Illustrates a framework for designing and assessing programs that help disconnected youth access health care jobs and considers what lessons can be drawn from adult career pathways programs when creating this framework.
The report takes lessons learned from programs that successfully enabled “underprepared adults to attain professional credentials and family-supporting earnings” (p.1) and attempts to apply these lessons to career pathways programs in the health care field for disconnected youth. Through case studies from three health career pathways programs for youth and descriptions of adult career pathways initiatives, the report addresses two questions:
  • “Can lessons from adult career pathway initiatives prove relevant to youth and young adults who are off-track or at-risk in their educational and career progress?
  • What approaches are similar, and what adaptations are necessary, given the longer on ramp to education and careers, particularly for those who lack a high school diploma or equivalent credential?” (p.2)

Through an exploration of these questions, the resource creates a framework for youth career pathways in health care that address “the workplace, the learning place, and the community or civic infrastructure” ( and details how all three of these are involved in the development of “promising initiatives for at-risk or off-track youth” ( (Abstractor: Author and Website Staff)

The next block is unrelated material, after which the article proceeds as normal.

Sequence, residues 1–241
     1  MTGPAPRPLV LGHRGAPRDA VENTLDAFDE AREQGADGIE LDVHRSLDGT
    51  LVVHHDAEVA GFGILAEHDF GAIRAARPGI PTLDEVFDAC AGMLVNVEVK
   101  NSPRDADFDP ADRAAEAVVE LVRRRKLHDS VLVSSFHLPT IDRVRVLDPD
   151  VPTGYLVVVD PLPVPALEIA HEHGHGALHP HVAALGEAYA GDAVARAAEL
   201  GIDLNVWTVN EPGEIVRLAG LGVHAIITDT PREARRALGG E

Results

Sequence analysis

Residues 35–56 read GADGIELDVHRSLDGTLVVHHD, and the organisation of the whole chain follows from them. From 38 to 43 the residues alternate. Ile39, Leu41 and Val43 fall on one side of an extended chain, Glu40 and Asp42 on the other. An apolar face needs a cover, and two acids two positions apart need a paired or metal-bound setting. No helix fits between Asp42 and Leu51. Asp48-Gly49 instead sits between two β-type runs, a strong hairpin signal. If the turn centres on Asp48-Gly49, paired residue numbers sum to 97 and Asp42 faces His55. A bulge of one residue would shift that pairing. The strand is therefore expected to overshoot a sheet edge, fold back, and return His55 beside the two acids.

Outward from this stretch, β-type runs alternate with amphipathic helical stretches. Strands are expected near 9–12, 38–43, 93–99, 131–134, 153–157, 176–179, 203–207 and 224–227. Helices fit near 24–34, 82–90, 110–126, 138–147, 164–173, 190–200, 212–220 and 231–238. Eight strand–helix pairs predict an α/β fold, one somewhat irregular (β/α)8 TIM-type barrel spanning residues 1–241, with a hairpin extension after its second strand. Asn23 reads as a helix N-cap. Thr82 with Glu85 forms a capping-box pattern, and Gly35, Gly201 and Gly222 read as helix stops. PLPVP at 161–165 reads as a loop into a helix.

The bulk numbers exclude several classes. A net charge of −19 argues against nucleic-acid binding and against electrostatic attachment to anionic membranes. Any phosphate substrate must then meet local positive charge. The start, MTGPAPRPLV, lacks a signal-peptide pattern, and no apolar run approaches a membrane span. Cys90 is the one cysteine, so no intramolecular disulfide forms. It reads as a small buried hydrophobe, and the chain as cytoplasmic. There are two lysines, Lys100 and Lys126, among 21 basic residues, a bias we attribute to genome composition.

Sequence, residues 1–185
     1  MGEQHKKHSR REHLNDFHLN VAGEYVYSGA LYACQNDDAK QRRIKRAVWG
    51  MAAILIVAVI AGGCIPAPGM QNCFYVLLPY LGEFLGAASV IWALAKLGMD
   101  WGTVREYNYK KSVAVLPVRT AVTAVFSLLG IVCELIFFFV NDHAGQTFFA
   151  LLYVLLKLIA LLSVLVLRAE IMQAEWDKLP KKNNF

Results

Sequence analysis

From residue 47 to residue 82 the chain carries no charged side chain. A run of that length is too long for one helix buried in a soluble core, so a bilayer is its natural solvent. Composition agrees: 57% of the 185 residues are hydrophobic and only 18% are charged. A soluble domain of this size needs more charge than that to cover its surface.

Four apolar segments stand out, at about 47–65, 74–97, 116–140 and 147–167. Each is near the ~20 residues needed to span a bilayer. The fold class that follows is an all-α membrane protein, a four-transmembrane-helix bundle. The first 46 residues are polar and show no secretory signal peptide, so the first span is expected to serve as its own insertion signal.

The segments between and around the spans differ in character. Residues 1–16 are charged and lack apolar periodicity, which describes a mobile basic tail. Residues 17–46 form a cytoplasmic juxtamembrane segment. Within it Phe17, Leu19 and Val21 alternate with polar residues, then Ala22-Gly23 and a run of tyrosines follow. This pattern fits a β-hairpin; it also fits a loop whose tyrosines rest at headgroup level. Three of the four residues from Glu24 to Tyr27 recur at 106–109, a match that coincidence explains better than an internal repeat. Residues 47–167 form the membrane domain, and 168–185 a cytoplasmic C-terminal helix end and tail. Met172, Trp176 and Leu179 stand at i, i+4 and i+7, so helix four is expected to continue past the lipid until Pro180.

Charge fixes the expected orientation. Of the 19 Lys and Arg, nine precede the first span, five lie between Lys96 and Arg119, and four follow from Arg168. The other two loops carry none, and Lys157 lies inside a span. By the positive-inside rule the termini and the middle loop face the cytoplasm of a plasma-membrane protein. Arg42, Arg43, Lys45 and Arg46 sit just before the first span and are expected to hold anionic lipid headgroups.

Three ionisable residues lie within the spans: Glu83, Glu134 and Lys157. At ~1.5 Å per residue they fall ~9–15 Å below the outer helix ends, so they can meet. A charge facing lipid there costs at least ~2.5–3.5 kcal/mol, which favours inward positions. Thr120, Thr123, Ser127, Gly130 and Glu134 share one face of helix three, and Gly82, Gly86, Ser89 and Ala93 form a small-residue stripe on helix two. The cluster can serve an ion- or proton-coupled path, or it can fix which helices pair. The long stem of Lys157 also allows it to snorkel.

Major Findings & Recommendations

Recommendations for three distinct sets of constituents may be found below: • Practitioners must recognize that “there is no one-size-fits-all model for advancing…youth into career pathways in health care” and “should tailor programming” to meet youth where they are (p.vii-viii). • “For investors, the key is to invest for the long haul. Pathways initiatives take time to emerge and develop. Both the youth and young adult candidates need time in order to reach their fullest potential. Moreover, investors should provide resources to replicate and scale up the best practices from these case studies and other strong examples of career pathways in health care. • On the policy side, in reauthorizing the Workforce Investment Act, Congress should dedicate funding for model pathway programs that target opportunity youth, both in health care and in other sectors with strong labor demand and abundant opportunities for entry-level jobs and career advancement…[they must also] break down silos separating youth from adult workforce development systems and youth services from K-12, postsecondary, and employer stakeholders” (p.viii). (Abstractor: Author and Website Staff)